Sep. 11, 1997 African-American children with obstructive sleep apnea have significantly lower blood-oxygen levels compared to other groups, according to a study by sleep disorder researchers at the University of Illinois at Chicago College of Medicine.
The study, conducted by researchers at UIC's Center for Sleep and Ventilatory Disorders, evaluated nearly 200 children, 128 of whom were diagnosed with obstructive sleep apnea, a potentially life-threatening disorder in which breathing intermittently stops during sleep. The researchers found that the blood-oxygen saturation for African-American children was nearly 10 percent lower than all other children during sleep apnea episodes.
"We see many children with serious breathing problems because of sleep apnea," says researcher Edward Stepanski, associate professor of clinical psychology in medicine. "But we were surprised to find racial differences among children who experience dips in blood-oxygen levels even though they have similar severity of sleep apnea. African-American children with obstructive sleep apnea are experiencing faster and further drops in blood-oxygen levels."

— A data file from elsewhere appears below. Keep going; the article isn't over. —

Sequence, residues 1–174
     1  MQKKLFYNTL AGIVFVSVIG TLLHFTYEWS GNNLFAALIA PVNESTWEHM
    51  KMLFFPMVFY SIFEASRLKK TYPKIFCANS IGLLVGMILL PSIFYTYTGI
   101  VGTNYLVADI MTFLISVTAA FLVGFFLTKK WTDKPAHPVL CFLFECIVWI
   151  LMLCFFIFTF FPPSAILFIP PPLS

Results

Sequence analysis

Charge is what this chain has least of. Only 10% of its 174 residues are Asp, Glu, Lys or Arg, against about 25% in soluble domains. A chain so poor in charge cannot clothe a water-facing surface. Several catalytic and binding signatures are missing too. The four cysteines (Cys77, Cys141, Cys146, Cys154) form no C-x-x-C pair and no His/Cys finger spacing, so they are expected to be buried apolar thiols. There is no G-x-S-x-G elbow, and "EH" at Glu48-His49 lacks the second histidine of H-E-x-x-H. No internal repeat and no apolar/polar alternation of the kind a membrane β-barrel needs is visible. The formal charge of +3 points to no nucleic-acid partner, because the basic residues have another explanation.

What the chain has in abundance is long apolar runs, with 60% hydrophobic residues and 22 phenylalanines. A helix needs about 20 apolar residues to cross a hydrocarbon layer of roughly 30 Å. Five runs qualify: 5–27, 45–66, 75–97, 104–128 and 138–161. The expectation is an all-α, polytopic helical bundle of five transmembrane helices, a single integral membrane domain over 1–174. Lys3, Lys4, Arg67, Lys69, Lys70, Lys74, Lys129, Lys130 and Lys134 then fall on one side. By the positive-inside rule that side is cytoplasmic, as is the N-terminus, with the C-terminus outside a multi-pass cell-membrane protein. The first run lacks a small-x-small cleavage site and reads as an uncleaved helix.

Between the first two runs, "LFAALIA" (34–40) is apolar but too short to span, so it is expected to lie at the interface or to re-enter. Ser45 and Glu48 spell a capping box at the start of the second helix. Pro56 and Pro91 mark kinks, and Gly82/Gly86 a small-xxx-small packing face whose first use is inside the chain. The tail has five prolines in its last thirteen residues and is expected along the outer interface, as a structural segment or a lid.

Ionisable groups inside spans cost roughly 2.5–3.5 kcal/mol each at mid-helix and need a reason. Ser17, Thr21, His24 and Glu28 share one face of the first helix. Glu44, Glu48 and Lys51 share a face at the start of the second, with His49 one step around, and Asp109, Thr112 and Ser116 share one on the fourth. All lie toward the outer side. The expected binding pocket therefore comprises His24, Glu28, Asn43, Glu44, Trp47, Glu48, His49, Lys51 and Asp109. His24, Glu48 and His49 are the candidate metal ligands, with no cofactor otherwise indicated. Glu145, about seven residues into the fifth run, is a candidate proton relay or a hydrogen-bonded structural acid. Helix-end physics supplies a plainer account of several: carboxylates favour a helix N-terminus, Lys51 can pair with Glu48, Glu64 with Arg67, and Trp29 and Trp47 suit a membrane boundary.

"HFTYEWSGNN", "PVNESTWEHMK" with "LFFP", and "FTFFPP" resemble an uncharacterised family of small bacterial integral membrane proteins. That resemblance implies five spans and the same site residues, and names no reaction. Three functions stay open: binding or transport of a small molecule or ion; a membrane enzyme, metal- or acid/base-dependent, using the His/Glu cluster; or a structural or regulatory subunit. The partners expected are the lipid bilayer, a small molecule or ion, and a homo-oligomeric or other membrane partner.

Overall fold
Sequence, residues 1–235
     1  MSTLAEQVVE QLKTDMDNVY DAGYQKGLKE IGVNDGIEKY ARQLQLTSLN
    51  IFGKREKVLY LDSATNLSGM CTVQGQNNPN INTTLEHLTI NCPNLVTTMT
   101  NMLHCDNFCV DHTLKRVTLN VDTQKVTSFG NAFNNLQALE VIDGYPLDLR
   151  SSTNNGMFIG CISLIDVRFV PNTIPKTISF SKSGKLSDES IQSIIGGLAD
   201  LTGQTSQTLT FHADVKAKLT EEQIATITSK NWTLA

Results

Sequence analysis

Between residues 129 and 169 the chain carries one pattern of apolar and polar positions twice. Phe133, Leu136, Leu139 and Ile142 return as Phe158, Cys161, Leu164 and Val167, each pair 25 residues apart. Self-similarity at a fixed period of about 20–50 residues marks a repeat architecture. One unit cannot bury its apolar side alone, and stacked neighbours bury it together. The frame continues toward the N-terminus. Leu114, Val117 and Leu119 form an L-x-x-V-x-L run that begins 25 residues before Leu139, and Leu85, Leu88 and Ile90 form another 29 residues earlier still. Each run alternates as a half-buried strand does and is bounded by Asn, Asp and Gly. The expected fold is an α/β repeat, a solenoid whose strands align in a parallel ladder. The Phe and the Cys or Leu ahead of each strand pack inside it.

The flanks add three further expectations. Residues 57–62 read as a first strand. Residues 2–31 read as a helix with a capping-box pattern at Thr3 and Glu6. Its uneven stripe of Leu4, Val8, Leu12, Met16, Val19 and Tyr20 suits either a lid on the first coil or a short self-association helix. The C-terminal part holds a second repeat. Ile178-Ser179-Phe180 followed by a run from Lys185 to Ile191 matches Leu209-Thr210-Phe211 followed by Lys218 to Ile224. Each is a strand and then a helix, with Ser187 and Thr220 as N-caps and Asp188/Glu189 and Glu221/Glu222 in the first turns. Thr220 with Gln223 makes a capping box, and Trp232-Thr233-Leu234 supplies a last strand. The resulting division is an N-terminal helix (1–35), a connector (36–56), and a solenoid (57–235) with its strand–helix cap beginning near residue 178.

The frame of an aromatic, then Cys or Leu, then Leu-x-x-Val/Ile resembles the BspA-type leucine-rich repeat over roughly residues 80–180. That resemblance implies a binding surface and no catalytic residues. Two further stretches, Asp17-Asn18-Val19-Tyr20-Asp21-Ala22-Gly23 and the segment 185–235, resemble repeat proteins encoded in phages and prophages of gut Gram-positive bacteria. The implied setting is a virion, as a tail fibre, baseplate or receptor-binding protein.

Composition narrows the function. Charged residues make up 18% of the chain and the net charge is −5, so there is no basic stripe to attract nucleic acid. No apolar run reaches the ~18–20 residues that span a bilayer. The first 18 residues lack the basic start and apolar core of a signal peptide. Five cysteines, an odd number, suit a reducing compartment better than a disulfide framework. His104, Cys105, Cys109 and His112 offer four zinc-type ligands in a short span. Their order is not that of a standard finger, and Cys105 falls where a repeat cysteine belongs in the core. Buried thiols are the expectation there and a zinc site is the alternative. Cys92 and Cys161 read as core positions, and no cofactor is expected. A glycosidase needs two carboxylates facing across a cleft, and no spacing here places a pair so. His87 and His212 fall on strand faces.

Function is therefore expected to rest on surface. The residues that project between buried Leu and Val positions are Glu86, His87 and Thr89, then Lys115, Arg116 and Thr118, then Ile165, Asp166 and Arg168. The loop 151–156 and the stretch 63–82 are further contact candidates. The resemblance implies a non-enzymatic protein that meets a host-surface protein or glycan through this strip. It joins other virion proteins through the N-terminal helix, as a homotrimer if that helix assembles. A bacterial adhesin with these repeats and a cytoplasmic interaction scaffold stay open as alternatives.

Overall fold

"We don't know why this is happening," Stepanski adds. "Perhaps, it's related to hemoglobin or it could be the result of undiagnosed sickle cell anemia; or it might be the result of some physiological difference such as larger tonsils. We need to do further study to determine what biological processes account for this."
Previous studies have suggested that sleep apnea should be considered a risk factor for hypertension and cardiovascular problems, and can have a significant impact on cognitive function, mood, and reaction time.
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